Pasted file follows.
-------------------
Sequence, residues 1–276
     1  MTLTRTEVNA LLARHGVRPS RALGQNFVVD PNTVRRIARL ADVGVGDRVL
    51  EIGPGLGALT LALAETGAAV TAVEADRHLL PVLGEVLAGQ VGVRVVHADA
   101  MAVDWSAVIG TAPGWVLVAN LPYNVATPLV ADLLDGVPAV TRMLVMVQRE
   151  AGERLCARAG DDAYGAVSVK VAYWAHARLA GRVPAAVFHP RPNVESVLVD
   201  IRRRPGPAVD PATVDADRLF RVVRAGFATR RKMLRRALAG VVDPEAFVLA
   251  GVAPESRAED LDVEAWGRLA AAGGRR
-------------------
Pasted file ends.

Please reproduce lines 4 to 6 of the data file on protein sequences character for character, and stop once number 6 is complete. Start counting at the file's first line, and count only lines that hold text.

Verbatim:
   101  MAVDWSAVIG TAPGWVLVAN LPYNVATPLV ADLLDGVPAV TRMLVMVQRE
   151  AGERLCARAG DDAYGAVSVK VAYWAHARLA GRVPAAVFHP RPNVESVLVD
   201  IRRRPGPAVD PATVDADRLF RVVRAGFATR RKMLRRALAG VVDPEAFVLA